There was no romance, no secret love affair, nothing sordid or unusual about Dr. Tymieniecka’s relationship with Pope John Paul II. He was a deeply carying man, but he had a mind well above such things. Pope John Paul II was preoccupied with much greater issues: religion, human dignity, human rights, communism, and Poland. Dr. Tymieniecka was one of his several women-collaborators. Dr. Wanda Półtawska in Poland played an even larger role in his life. A former Nazi concentration camp prisoner and a victim of Nazi medial experiments on women, Dr. Półtawska was also married. Cardinal Wojtyła was close friends with both Dr. Półtawska and her husband, as he was with Dr. Tymieniecka and her husband, Harvard economics professor Dr. Hendrik Houthakker (1924-2008), a Dutch-born Jew who spent time in a Nazi internment camp. He and Dr. Tymieniecka remained married for 52 years, up to his death. Her husband also became Karol Wojtyła’s friend.
I interviewed Cardinal Wojtyła in 1976, before he became pope, shortly after he visited Professor Tymieniecka at her home in Vermont. The interview I conducted for the Voice of America (VOA) showed what really mattered to future Pope John Paul II. He spoke beautifully and profoundly about love, but he spoke about it in religious, philosophical and in a subtle way in political terms.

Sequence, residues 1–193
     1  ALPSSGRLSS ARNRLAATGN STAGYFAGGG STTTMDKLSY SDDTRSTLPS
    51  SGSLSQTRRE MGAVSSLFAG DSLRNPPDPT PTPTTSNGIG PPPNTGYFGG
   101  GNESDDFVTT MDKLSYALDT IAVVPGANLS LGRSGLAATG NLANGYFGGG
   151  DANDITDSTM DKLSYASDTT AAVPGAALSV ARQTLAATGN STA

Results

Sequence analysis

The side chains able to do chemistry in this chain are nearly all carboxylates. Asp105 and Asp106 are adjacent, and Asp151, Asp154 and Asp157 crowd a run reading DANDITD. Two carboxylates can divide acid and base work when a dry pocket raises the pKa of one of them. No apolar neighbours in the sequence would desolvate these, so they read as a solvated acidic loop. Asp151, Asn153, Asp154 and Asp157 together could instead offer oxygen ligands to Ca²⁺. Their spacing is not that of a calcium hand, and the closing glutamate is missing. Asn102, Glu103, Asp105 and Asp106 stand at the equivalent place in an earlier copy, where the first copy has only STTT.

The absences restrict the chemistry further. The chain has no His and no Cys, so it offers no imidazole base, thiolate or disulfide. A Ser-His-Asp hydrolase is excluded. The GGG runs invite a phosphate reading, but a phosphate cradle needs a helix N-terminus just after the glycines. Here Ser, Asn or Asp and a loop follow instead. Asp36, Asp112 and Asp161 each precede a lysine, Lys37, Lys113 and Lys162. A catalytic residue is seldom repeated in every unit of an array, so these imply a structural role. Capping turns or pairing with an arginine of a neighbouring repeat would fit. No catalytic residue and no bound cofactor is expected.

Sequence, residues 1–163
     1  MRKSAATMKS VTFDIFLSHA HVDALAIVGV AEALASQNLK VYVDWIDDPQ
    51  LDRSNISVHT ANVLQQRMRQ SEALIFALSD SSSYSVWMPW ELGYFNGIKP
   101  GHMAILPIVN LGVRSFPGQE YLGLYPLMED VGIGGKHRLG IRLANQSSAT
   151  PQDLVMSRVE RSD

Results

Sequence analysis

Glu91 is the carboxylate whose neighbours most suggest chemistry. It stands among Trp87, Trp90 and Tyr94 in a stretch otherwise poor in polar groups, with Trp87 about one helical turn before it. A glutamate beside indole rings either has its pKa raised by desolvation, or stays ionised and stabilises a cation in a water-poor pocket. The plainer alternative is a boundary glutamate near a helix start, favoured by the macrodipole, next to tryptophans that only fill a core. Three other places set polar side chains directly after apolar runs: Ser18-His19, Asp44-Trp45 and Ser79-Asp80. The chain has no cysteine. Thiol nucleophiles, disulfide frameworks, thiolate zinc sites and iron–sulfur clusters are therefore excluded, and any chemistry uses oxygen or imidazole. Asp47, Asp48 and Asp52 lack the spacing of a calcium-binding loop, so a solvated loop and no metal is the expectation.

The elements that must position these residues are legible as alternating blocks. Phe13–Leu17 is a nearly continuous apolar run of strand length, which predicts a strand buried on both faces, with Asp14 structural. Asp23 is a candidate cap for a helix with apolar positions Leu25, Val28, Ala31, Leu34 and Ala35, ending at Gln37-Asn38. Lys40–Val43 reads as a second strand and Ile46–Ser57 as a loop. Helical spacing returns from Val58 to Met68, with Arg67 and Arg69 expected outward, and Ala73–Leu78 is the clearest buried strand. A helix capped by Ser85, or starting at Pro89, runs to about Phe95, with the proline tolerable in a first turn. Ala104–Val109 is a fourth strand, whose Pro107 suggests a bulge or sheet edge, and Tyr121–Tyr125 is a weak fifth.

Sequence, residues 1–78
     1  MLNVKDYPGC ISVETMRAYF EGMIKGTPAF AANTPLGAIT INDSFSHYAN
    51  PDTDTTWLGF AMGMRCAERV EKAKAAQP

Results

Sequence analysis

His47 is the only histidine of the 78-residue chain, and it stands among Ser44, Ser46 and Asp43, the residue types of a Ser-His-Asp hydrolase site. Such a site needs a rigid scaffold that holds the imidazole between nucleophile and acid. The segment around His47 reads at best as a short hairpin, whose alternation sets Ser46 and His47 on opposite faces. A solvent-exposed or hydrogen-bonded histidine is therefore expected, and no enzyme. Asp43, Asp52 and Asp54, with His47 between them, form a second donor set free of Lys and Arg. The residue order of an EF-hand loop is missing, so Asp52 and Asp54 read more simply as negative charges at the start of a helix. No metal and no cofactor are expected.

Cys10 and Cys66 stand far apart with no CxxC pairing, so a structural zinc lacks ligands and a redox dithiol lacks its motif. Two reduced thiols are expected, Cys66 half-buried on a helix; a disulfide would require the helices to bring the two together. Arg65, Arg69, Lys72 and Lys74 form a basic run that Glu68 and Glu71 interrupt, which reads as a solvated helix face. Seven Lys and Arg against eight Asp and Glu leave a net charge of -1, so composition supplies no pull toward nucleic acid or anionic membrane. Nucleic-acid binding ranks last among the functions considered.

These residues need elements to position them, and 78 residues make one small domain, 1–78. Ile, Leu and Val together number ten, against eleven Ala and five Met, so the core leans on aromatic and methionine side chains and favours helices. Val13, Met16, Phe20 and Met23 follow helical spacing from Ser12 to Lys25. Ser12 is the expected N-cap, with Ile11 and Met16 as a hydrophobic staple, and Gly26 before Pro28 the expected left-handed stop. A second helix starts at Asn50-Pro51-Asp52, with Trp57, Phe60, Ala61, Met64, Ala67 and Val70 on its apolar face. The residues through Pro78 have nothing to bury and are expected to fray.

CARDINAL KAROL WOJTYLA (1976): “The need to raise awareness about this issue [hunger], which is basic for many so-called underdeveloped societies, is especially present in America, in this perhaps the richest nation in the world. … The problem of hunger is as we can see the problem of justice for the entire human family. … Together with this basic hunger–if one could use this expression–go other types of hunger of today’s Man, equally great and equally deeply felt by various societies, by different groups, and finally by individuals. … The Hunger for Liberty, The Hunger for Truth, The Hunger for Understanding, The Hunger for Love. To all of these hungers of today’s Man, the Eucharist provides a final dimension: Man hungers for God. His heart is unsettled without Him.”
His expressions: “The Hunger for Liberty” and “The Hunger for Truth” were clear references to Poland and the rest of Central and Eastern Europe under communism and Soviet domination. “The Hunger for Daily Bread,” “The Problem of Justice,” and “The Hunger for Love” were a veiled criticism of the materialistic West. This was the real Karol Wojtyla, not someone who is preoccupied with either seeking or avoiding a romantic relationship with a married Polish-American woman.